Thursday, February 8, 2007

Anna Nicole, Phil Ochs and A. E. Housman

It's always sad when an athlete or movie star or rock star or any kind of celebrity dies in his or her prime. Potentials cut short. Promises unfufilled.

Phil Ochs, a folksinger and singwriter as great as Dylan, in my view, offered the disquieting thought that we the public might derive some satisfaction from the fall of a glamorous, powerful public figure. In his 1960s masterpiece, "The Crucifixion," Ochs said we build people up to stardom, in part for the weird pleasure of seeing them fall. He was talking most about John F. Kennedy, but he also had Marilyn on his mind.

Anna Nicole Smith was no Marilyn Monroe, any more than Madonna or any modern aspirants to her throne. But Anna captured our interest - her reality show and her life became increasingly difficult to distinguish.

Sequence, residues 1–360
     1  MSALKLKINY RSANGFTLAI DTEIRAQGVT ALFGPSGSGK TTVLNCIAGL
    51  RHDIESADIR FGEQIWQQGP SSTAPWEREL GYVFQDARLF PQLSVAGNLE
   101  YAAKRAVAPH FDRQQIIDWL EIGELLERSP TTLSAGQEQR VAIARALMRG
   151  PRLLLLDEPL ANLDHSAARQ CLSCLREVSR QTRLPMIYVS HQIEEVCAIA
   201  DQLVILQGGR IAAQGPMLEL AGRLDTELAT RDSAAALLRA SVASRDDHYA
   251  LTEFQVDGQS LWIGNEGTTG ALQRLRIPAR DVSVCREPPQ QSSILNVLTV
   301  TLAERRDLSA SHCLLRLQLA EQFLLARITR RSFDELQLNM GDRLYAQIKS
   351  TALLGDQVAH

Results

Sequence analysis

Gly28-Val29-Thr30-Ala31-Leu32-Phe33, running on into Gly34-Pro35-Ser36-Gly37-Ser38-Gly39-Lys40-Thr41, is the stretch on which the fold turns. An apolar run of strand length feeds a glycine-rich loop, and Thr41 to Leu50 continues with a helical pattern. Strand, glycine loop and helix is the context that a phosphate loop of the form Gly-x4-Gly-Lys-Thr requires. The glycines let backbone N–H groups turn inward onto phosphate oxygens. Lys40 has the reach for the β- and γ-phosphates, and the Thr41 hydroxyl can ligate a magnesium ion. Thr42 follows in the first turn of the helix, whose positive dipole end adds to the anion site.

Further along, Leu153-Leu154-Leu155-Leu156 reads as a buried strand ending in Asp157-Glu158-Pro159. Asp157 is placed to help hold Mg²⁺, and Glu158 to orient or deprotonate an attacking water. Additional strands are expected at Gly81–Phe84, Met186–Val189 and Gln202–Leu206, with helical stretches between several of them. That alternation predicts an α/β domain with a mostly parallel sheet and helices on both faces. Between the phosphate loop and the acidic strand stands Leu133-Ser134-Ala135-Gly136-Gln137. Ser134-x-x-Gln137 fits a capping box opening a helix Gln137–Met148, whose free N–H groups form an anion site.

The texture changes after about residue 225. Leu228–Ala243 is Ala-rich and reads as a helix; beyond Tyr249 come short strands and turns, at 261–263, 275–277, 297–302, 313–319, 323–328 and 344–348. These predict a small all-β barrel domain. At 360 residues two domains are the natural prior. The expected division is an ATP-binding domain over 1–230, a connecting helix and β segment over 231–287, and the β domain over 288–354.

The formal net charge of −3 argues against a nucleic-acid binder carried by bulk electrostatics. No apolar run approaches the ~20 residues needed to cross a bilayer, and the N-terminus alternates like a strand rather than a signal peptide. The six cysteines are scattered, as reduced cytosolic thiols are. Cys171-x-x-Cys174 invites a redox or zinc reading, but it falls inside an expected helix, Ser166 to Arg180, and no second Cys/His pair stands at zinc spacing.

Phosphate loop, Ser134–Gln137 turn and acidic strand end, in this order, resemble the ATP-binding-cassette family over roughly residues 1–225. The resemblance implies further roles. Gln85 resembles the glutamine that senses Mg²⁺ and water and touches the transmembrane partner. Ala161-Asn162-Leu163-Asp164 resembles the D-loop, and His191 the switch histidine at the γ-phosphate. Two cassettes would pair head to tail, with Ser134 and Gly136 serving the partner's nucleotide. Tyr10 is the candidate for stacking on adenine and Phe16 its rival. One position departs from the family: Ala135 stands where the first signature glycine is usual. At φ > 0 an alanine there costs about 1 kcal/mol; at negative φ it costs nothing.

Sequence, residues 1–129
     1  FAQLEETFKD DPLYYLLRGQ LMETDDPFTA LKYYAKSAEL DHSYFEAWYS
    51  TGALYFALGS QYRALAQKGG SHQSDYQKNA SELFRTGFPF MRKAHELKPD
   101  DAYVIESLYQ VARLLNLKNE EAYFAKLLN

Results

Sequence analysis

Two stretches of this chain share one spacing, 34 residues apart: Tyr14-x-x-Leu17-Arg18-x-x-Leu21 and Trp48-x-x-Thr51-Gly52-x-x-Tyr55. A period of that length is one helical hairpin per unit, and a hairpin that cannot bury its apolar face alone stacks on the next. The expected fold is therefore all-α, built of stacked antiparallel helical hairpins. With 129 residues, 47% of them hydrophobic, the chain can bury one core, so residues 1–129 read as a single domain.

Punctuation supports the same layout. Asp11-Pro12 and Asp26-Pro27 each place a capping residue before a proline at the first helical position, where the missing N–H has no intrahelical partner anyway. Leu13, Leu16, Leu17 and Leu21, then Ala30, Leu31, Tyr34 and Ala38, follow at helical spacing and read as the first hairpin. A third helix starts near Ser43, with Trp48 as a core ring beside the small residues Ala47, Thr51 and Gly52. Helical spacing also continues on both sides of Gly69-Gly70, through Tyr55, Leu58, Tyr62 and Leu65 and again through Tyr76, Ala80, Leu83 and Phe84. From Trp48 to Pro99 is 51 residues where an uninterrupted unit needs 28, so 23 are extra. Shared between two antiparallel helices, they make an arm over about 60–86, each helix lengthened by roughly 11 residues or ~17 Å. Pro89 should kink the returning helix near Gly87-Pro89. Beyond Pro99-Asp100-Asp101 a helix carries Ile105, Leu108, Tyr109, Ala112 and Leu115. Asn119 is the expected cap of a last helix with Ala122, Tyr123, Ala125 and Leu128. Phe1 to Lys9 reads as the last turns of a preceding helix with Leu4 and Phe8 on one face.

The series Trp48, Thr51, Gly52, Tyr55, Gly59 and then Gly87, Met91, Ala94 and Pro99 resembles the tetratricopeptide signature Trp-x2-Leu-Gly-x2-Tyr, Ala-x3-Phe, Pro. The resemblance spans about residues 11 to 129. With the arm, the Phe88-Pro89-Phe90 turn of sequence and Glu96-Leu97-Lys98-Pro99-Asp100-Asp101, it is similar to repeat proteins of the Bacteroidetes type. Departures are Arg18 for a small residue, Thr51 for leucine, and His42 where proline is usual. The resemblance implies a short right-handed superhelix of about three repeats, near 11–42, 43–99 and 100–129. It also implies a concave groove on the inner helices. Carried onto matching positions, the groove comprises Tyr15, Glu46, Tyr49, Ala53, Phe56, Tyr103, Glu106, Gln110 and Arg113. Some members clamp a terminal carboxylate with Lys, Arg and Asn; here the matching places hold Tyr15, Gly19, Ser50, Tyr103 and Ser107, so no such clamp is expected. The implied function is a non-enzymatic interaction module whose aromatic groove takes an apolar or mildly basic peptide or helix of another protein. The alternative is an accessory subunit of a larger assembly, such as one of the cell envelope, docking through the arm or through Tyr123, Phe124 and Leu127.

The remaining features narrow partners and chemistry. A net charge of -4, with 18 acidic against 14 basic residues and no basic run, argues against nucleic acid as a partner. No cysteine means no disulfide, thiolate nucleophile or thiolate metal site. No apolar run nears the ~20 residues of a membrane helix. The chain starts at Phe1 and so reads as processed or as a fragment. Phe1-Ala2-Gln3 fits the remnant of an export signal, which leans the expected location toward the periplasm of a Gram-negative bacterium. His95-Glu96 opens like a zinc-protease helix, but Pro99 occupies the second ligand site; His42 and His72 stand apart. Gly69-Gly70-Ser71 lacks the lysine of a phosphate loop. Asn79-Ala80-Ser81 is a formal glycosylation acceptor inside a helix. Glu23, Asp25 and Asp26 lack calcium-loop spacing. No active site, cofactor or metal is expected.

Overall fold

And all-news stations are running nonstop with her death tonight, as Ochs might have predicted.

But there's another wordsmith whose observations may have some pertinence to today's events. The poet A. E. Housman, writing early last century, "To An Athlete Dying Young":

"Eyes the shady night has shut
Cannot see the record cut,
And silence sounds no worse than cheers
After earth has stopped the ears"

Helpful links:

The Collected Poems of A. E. Housman

There but for Fortune: The Life of Phil Ochs by Michael Schumacher

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